So I was a gamer now, as far as I saw it. What I learned is that anyone who likes and plays games, any kind of games, can call themselves that. Or at least anyone should be able to. Because alongside learning about games, I started learning something else. I started reading about the rampant sexism that was endemic to the industry. I watched the Anita Sarkeesian videos. I read admissions like this. I watched GTFO. I always innately felt that gaming had a big “NOT WELCOME” sign on it and I started to realize that this was partially because of my gender. I didn’t feel like I belonged there. I didn’t feel like I would be welcomed.
This, in my opinion, is one of the reasons sexism and other bigotry persists in gaming. People who are perceived to be the “real” gamers are seen by outsiders like me as owning the culture and being in charge of it. People like me feel like we don’t have any skin in the game so we can’t say anything. That mindset needs to change.
But instead of, as the article at the start of this post suggests, doing away with the word “gamer,” I say instead let’s ALL call ourselves gamers. Wherever you fall on the spectrum of gaming, start call yourself a gamer and own it. No one has to give you permission to sit at the table. You don’t need to own a console. You don’t need to have gone to PAX or E3. You don’t need to read Kotaku, Giant Bomb, Polygon or any of the other gaming news and reviews sites. You just have to like to play. That’s all.
If everyone starts calling themselves a gamer, the stereotypes will die out, the societal stigmas will fade and the dearly needed changes to games themselves and gaming culture will start to happen more rapidly. Let’s do this.
Mathew Ingram at GigaOm has recently published a piece entitled Making fun of Silicon Valley is easy, but the next big thing looks like a toy. It bothered me as soon as I read it. Today I saw a few people I generally respect tweeting it and my unease grew. I’ll explain.
The point of the piece is, as is the current fashion in online writing, entirely spelled out in the headline. It’s fairly innocuous, but the message is clear. If you’re making fun of moronic Silicon Valley startups like Yo, or startups in general, you could be stupidly mislabeling the next Twitter or Facebook. Take this line of thought to its logical conclusion and the result is that it would be a mistake to question any new product or service in the tech space. I say no.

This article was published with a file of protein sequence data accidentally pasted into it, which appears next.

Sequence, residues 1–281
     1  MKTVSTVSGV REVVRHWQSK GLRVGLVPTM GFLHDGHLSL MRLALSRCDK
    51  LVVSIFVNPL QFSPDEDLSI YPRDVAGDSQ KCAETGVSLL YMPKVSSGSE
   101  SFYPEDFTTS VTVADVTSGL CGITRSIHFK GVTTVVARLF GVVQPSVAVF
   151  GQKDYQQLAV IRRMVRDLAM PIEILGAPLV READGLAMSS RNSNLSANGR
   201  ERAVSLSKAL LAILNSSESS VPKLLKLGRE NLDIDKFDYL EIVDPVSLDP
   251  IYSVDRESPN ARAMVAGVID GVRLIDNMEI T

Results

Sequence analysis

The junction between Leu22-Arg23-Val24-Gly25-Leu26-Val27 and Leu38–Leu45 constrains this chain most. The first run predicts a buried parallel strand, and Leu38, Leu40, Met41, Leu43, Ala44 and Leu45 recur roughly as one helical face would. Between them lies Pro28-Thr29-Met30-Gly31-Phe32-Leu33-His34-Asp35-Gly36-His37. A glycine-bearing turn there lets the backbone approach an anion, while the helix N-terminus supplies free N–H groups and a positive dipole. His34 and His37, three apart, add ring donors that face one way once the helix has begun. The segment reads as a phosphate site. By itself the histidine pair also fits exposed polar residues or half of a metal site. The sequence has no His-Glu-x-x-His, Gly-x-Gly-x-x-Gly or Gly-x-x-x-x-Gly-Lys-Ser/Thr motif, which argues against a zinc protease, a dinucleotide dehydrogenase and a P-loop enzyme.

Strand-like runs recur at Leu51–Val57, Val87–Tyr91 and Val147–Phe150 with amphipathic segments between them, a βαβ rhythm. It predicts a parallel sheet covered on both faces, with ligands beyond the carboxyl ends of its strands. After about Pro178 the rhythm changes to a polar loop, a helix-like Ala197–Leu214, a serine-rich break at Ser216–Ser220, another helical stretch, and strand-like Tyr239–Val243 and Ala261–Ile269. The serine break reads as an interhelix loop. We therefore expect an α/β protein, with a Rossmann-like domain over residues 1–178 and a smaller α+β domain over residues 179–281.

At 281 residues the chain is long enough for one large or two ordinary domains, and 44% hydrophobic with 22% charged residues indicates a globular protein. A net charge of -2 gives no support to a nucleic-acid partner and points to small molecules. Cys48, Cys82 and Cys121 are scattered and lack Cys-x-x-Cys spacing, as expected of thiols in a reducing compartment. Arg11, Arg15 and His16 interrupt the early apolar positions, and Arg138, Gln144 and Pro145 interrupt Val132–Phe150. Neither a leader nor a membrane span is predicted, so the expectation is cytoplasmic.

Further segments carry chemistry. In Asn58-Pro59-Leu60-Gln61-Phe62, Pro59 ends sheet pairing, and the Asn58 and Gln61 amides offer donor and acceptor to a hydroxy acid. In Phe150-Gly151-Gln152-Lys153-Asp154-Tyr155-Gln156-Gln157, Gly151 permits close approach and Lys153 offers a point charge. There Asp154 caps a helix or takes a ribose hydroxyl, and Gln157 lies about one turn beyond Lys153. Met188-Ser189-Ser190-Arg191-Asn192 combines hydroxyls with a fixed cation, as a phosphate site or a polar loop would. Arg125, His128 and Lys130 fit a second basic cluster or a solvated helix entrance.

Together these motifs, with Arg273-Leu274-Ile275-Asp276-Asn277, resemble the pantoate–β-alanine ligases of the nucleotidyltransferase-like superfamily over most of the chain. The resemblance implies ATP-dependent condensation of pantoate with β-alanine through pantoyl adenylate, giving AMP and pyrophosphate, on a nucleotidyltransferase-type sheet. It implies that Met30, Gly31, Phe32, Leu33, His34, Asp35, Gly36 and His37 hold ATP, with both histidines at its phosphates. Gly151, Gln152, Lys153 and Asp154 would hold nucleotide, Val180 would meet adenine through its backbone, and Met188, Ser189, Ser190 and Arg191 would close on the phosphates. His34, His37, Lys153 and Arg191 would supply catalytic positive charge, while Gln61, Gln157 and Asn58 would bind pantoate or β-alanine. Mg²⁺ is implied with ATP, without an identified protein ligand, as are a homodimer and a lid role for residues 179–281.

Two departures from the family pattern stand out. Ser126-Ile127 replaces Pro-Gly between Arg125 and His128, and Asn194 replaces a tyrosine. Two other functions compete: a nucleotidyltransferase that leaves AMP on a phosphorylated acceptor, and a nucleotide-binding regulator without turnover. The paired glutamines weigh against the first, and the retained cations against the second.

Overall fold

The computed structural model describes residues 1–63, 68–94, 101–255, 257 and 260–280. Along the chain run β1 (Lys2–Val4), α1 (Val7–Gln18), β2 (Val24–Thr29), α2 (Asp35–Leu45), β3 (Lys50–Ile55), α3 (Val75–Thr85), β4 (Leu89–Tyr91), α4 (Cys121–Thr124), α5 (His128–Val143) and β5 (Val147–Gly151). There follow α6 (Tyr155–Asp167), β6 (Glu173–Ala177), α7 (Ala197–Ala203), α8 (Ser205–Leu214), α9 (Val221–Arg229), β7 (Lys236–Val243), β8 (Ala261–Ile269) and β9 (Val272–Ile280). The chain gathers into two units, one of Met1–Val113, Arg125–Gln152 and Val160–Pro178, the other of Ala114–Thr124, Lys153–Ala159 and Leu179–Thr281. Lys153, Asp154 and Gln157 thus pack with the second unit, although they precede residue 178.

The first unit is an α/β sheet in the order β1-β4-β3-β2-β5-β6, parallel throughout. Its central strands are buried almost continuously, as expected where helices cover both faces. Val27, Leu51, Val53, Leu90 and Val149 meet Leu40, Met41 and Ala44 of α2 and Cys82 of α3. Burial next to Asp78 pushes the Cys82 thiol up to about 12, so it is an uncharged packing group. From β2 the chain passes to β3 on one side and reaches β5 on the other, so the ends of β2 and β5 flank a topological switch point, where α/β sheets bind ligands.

The same day that I read Ingram’s piece, I read this one on PandoDaily about a startup called Secret. The author of the piece, Sarah Lacy, has numerous concerns about this company and what they have created, concerns that seem eminently valid:
If Secret continues to grow with everyone trying to profit off of its popularity willfully justifying and ignoring the social cost, there will be Secret suicides. As a community, we will regret this. It will make the Craigslist killer and the Airbnb meth head-gate scandals look like nothing.
Lacy is a close watcher of the tech space. She has been writing about technology for 15 years. She has written two well-received books about it. But I guess she didn’t get the memo that Valley startups can turn into amazing, wonderful things even if they start out as silly or, in the case of Secret, morally and ethically questionable. She is taking a critical approach and thank goodness, because she explicitly addresses in her piece that others are unwilling or unable to do so.
That being the case, that there is a clear dearth of critical thought about technology, do we really need another exhortation to basically leave Silicon Valley entrepreneurs alone? If even light comedy about a frivolous new app is to be frowned upon, what does that say about the more serious criticism of an Evgeny Morozov or a Sherry Turkle?
The reality is that technology, on its own, is neither a benevolent force, nor an evil one. Your MacBook or your Facebook account don’t have feelings and motives. However, the people who built them and programmed them do. To pretend otherwise is utopian foolishness at best. At worst, it is dangerously careless.